"Is she O.K.?" a customer asks.
"My mom?" asks Kristy, the waitress.
"Yes," the customer replies.
Since Sunday, the front page of the New York Times has been featuring a portrait in five parts
of Elyria, Ohio (pop: 55,000), seen mostly through the lens of a local diner. (Second link is to a full multimedia feature, but direct links to the five individual articles can be found within.) [more inside]
posted by zarq
on Oct 18, 2012 -
In a new essay entitled Build the Wall
, David Simon (who was a Baltimore Sun
reporter before he produced The Wire
) argues that if the larger newspaper industry is to survive, The New York Times and Washington Post must start charging readers for access to their websites (preferably done as a single action in concert with each other) — John Gruber
, Dave Winer
, and the folks at Gawker disagree
, and Steven Berlin Johnson argues that while the future for newspapers might be quite bleak, the future for journalism and high quality analysis is actually quite bright
. Meanwhile, the Times is currently doing market research
to see if it's readers would be willing to pay $5 a month for online access, and the Associated Press announced
it's intent to build a new news DRM system that will enable users to “consume, mash up and share AP content based on rights
posted by dyslexictraveler
on Jul 24, 2009 -
Excerpt 1: More and more the timeline is raising the question of why, if the torture was to prevent terrorist attacks, it seemed to happen mainly during the period when we were looking for what was essentially political information to justify the invasion of Iraq
. Excerpt 2: More and more the timeline is raising the question of why, if the torture was to prevent terrorist attacks, it seemed to happen mainly during the period when the Bush crowd was looking for what was essentially political information to justify the invasion of Iraq.
Can you tell which is Josh Marshall writing on Talking Points Memo on May 14 and which is Maureen Dowd
writing in The New York Times on May 16?
posted by Joe Beese
on May 18, 2009 -
Journalism may be going through a painful period but thanks to the web the once lowly information graphic is finally growing up to be all it never could on paper. Especially the New York Times seems to currently stand out in how frequently and quickly they build amazingly detailed and insightful interactive features. Consider the tracking of US Airways Flight 1549
or the piece on raising its engine from the Hudson
. Other recent highlights: 9,955,441 parking tickets issues in NYC mapped by street
, The Ebb and Flow of Movies: Box Office Receipts 1986 — 2008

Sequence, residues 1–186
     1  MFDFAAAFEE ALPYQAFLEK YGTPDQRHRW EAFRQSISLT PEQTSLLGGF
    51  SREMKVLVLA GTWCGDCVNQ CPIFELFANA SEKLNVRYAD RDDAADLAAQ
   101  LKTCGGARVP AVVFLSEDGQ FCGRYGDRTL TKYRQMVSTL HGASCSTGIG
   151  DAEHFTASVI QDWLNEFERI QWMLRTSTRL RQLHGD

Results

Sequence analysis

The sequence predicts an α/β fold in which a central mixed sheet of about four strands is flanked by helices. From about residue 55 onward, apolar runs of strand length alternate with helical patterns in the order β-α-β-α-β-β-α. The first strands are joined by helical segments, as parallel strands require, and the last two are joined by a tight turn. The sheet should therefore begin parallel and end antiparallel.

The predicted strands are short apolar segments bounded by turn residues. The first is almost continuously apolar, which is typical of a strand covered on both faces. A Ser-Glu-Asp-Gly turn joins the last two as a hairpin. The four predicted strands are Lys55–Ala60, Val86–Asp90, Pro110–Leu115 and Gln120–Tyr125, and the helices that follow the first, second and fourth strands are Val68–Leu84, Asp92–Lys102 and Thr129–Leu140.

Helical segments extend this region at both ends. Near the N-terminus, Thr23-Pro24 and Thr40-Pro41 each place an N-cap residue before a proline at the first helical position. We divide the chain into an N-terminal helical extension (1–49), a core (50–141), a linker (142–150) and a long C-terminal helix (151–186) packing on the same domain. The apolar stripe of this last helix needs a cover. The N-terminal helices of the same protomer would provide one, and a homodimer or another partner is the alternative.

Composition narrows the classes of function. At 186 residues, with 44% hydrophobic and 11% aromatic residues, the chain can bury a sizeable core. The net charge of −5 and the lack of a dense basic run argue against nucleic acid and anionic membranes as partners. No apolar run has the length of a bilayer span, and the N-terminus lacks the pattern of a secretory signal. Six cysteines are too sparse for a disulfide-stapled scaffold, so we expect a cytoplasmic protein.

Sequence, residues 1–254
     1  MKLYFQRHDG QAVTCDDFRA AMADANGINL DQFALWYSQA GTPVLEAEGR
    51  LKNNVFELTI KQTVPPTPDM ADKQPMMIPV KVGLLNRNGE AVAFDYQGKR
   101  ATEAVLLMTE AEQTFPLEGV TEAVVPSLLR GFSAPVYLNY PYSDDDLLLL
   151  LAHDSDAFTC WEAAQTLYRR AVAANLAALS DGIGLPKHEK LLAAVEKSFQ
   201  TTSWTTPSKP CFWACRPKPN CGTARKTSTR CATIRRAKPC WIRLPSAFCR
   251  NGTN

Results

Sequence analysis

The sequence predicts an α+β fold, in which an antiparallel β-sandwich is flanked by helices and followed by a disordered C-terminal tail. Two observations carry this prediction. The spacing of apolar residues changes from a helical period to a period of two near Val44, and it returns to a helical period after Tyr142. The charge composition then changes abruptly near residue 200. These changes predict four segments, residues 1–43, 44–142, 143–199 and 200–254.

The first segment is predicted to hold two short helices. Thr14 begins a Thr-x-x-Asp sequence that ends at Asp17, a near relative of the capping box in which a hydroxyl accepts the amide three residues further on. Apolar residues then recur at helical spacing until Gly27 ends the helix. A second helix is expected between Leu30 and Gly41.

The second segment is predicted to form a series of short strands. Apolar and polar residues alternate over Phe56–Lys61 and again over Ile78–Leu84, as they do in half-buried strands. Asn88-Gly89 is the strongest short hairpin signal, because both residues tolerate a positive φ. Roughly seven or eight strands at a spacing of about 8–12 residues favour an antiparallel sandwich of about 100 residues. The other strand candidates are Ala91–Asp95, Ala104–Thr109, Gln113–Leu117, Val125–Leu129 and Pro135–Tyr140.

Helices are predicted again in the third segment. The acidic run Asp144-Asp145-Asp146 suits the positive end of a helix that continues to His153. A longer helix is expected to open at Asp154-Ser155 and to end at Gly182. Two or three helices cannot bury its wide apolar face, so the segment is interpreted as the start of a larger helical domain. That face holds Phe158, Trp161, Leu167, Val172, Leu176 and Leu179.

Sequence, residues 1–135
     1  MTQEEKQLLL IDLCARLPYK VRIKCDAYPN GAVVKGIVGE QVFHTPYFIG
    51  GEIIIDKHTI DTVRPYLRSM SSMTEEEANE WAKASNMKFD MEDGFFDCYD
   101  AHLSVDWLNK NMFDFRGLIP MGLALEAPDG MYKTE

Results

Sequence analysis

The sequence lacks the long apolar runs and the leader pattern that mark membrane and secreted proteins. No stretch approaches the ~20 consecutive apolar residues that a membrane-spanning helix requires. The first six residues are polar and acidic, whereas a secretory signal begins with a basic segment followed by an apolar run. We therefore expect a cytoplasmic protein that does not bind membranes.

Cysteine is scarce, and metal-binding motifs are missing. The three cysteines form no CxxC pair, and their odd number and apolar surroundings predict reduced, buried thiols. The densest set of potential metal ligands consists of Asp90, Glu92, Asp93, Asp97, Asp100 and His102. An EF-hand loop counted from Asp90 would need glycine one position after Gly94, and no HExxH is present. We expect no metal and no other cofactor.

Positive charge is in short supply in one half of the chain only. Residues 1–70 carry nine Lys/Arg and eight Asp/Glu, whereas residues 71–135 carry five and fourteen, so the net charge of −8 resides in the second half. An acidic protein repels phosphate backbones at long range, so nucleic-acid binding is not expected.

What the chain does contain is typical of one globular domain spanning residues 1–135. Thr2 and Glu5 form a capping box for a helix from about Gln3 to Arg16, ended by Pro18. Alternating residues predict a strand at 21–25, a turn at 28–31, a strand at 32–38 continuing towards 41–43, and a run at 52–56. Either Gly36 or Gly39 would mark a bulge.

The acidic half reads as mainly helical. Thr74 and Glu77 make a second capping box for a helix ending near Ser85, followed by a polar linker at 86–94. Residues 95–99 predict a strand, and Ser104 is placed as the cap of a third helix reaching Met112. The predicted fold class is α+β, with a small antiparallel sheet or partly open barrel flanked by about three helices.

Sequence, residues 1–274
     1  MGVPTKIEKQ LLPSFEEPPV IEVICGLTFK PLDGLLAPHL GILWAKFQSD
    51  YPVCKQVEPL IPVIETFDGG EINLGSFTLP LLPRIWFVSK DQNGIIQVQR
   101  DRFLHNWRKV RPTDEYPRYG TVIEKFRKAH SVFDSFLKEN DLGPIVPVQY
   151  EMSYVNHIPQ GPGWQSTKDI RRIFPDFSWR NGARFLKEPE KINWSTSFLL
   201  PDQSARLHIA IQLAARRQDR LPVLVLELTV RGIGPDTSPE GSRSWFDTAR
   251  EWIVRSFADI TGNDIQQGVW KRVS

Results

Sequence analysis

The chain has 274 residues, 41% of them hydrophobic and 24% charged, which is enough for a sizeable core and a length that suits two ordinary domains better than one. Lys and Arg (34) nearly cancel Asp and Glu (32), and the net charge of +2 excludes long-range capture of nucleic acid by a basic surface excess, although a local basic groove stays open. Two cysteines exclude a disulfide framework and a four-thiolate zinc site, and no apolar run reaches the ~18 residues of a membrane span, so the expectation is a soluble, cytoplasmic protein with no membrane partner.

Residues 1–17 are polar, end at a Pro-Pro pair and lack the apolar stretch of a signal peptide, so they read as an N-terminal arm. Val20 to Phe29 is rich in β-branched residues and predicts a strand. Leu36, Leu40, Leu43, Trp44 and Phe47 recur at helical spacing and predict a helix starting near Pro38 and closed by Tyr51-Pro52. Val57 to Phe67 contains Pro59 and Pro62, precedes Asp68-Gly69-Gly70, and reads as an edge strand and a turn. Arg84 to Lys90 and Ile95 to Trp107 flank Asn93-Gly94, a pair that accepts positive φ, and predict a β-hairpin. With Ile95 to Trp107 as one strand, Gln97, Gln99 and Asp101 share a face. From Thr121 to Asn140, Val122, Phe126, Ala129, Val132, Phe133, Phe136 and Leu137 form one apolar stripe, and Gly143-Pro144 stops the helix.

, Ansel Adams's Yosemite
, the view from the 10-meter platform explained
, A look at the language of presidential inaugural addresses 1789 to the Present
, A Map of the number of medals that countries won in summer Olympic Games
, Going to the End of the Line
, The 44 Places to go in 2009
, an explanation of how the Pentagon responded to criticism of then-Secretary of Defense Rumsfeld
, The Soyuz Spacecraft
, How the Towers Stood and Fell
, more. [more inside]
posted by krautland
on Feb 14, 2009 -
[archaic tech filter] Foreign correspondents and reporters in the field at the New York Times
say goodbye to the paper of record's recording room
posted by digaman
on Dec 6, 2007 -
Remember when folks were "up-in-arms" after learning that the Bush administration paid
prominent political commentator Armstrong Williams
$240,000 to promote 'No Child Left Behind' legislation? It turns out that a handful of liberal bloggers pulled in some decent cash
this past year from various political campaigns as consultants, while maintaining their "independent" blogs. Case in point: Jerome Armstrong
) made $115,000+ from Sherrod Brown (over 15 months) and $65,000 from Mark Warner (over 12 months). Turns out Armstrong admitted
this week that he has been writing on his blog under various aliases -- including 'Scott Shields.' 'Shields' received payments
from the Robert Menendez campaign.
posted by ericb
on Dec 8, 2006 -
The Emperor's New Hump
In the weeks leading up to the November 2 election, the New York Times was abuzz with excitement. Besides the election itself, the paper’s reporters were hard at work on two hot investigative projects, each of which could have a major impact on the outcome of the tight presidential race.